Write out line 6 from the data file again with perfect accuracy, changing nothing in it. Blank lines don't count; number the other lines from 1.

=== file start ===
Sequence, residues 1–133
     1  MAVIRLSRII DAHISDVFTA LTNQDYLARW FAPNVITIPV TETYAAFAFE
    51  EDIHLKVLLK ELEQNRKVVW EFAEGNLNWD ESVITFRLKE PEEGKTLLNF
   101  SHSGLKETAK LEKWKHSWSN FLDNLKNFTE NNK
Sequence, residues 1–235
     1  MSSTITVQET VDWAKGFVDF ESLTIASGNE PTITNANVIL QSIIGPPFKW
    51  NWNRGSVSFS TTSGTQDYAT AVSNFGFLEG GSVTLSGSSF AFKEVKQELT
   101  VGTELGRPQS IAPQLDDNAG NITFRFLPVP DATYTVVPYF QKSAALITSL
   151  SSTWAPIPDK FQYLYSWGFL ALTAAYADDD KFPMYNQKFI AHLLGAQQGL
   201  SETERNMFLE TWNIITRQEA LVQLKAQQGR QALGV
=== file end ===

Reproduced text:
     1  MSSTITVQET VDWAKGFVDF ESLTIASGNE PTITNANVIL QSIIGPPFKW